My Top 5 Tips For Eating Well On a Tight Budget

 
 

My husband and I like to think of ourselves as very intentional people. The decision to take on two more degrees and two student loans did not come lightly. We are nervous to commit to 100,000 or more it will take to get us through school but we do want to further our educations. If you are currently a student, or struggling to pay back your loans, then I hope you can relate.

Some days I feel like a five year old with my little tantrum hands wailing, wanting to scream “it’s not fair.”

As a married couple with life outside of school, we have even more responsibilities to meet than we did when we were single students during our undergraduate. I know I am not the only one struggling with this financial burden, and I am sure many of you have financial struggles in or out of school. Maybe we can band together and help change the system, but in the meantime, I think we can all join together and share some tips to help us all get through.

One question that I get asked all the time as a foodie with a student budget, is how to eat well without breaking the bank. Sometimes eating well gets compromised in effort to help make ends meet. Sometimes it is necessary to shift around the way you eat when you just don’t have money to allocate towards a grocery bill.

But it is possible and sometimes cheaper to eat real food on a budget. So here are some of my methods to maintain a nourishing, whole, unprocessed, and mostly organic or beyond organic diet when things getting really tight.

1. Cut Out Processed Foods

For us, processed food is the first thing to go. Per calorie, it may seem like you are getting your money’s worth. But the nutrient to dollar ratio is unfortunately low for packaged foods. My favorite are protein bars. I love the convenience, the macros and the taste, but the dollars really add up. So, when things are tight, I make my own. I have been eating this batch of Vegan Protein Bars this week. I also make granola bars, granola, crackers, yogurt, muffins, and trail mix to have on hand as easy, portable and convenient food so that we don’t have to resort to buying expensive food while we are out.  

2. Eat From a Garden

I almost put this as my number one tip for eating well on a budget, and it really is my number one tip. It is clear that a seed packet costs less than a bundle of lettuce, and with it you can eat lettuce for an entire summer. This goes for carrots, beets, radish, rutabaga, cucumbers, summer and winter squashes, tomatoes, grapes, kale, mustard greens, raspberries, broccoli, (I literally just listed the foods that I am looking at in our garden right now). You get to have a produce shop in your yard that produces fresh foods every day. It’ convenient, it is a gazillion times more nutritious, and it’s a much more enjoyable experience to harvest from your garden than to fight lines at the store! If you pay attention to your soil and avoid using chemicals, you are getting dense, health promoting foods that also come with beneficial bacteria.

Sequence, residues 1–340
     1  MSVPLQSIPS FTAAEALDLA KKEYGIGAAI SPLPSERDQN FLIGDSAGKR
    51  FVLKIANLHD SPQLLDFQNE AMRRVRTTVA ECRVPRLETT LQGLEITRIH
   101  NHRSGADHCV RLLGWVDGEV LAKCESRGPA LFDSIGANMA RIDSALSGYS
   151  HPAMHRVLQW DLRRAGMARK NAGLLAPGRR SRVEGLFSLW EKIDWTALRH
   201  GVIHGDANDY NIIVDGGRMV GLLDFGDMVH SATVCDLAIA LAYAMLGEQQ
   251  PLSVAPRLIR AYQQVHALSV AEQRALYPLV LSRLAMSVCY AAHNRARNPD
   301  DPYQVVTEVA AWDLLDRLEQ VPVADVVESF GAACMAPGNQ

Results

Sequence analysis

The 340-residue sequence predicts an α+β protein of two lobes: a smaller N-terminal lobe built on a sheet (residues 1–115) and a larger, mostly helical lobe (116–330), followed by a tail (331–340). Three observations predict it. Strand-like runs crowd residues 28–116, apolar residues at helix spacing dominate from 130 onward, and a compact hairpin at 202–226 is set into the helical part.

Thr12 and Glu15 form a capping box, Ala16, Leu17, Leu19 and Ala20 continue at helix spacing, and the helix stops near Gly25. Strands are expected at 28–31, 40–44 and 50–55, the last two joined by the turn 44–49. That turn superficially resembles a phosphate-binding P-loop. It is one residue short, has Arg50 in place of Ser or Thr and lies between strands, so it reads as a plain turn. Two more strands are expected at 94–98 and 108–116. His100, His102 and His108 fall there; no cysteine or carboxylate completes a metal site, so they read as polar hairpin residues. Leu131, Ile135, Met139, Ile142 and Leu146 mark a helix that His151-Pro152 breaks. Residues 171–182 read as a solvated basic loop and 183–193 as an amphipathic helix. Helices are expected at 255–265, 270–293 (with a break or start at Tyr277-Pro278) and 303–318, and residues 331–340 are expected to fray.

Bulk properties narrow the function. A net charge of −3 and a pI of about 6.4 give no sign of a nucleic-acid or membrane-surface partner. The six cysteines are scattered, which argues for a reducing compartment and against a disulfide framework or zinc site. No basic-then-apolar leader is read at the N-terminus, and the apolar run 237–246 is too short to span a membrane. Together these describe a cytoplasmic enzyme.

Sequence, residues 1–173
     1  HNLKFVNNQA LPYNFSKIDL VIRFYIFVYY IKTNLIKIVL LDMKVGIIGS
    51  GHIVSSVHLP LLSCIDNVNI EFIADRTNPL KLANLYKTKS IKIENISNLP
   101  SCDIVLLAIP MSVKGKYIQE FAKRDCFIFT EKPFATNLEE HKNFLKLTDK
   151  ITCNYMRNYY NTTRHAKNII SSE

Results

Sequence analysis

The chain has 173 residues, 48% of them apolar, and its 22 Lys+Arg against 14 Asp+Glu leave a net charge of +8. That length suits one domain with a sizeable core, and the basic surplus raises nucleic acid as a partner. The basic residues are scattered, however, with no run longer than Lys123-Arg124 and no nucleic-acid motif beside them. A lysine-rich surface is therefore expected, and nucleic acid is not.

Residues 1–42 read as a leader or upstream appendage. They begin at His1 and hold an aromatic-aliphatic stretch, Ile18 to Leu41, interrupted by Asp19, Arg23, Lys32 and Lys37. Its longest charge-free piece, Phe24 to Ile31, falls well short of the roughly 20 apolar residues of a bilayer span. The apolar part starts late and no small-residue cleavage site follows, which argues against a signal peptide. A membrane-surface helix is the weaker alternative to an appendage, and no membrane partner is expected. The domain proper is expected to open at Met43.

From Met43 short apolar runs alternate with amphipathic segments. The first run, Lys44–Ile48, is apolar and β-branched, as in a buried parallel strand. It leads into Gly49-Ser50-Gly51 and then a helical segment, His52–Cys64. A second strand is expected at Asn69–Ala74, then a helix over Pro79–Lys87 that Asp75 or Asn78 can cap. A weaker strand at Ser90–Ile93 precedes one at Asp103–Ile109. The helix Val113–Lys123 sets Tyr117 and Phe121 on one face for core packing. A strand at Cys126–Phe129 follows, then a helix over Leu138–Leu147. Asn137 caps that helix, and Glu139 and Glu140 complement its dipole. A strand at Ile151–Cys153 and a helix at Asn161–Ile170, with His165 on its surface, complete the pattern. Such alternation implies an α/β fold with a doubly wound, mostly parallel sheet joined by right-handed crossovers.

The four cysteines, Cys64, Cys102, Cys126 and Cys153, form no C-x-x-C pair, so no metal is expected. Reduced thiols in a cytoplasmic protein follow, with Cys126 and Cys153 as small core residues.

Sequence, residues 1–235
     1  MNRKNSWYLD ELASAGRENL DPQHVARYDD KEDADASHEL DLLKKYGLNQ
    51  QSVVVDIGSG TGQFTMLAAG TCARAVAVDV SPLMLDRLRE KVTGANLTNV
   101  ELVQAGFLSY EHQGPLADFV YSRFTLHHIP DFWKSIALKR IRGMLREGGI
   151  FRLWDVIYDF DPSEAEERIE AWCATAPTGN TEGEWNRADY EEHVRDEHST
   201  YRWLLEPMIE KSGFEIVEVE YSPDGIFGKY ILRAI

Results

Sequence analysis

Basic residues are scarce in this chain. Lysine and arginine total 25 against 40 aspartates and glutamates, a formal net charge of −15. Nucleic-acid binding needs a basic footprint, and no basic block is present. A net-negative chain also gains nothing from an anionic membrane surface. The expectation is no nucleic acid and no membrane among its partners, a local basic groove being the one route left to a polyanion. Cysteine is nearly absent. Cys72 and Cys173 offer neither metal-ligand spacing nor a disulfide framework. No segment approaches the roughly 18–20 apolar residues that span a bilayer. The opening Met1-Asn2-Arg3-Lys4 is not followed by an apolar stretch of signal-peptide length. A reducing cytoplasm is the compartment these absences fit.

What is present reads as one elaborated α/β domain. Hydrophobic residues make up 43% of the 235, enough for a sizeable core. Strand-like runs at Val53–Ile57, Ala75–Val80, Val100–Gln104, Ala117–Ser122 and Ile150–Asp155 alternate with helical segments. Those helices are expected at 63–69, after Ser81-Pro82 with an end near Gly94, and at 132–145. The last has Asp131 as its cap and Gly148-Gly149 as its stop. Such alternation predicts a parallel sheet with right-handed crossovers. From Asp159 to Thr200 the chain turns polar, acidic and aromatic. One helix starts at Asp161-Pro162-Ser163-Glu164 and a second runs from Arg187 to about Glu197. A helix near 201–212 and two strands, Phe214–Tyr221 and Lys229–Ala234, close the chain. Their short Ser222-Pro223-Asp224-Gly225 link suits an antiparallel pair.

3. Choose your Foundation then Supplement

For us these staples are black beans, lentils, rice, chickpeas, quinoa, oats, pinto beans, potatoes, greens, eggs when we have chickens. Choose cheap, whole foods that meat a variety of nutrient needs. We ensure that we are getting the protein, satiety and most of the carbohydrates we need from the beans are rice. We are both very active, so our calorie and carbohydrate needs are high (and expensive!) most of the time. Having a cheap base of whole foods, helps us to feel satisfied, have the energy we need, and allows us to add more expensive foods to our meals for taste and nutrient variety. For example, one week, I may make a pot of rice, a pot of black beans and we would have peaches, beet greens, romaine, tomatoes, beets, cabbage and hemp seeds. Then the next week, I might make a pot of quinoa and one of lentils, and we would have grapes, blueberries, turnips, turnip greens, kale, carrots, broccoli, and chia seeds. Having the bulk of our food coming from a cheaper source allows us the room to buy one “superfood” at a time. This week we bought maca powder, and next time, we will buy spirulina.

4. Buy In Bulk

This goes along with having a foundation. We pair up with a few friends who want to go in together on bulk orders. This is when we stalk up on grains, legume, nutritional yeast, dried fruit, and spices for the year. It costs more upfront but ends up saving you a lot of money in the long run.

5. Know your farmers

Don’t just shop at the farmer’s market, become a part of it. Form relationships with the people who grow your food, you can even go to the farm and help out for a morning. Work trades are often available, and most farmers will at least send you home with a big box of goodies for your help. Spending time getting to know them and allowing them to get to know you is one of the most enjoyable ways we have been able to eat beyond organic for cheaper than conventional prices at the grocery store. We had a farmer friend who specialized in tomatoes and peppers, and when preservation season would come around, he would often save us boxes of bruised and imperfect tomatoes each market and sell them to us at a very generous discount. Or when it was about to frost and kill his basil, meaning that he would have to harvest it all and sell it fast, he would come to us first. He was happy to know his basil was going to a good place, and we were happy to know where it had come from. It’s a win-win for everyone.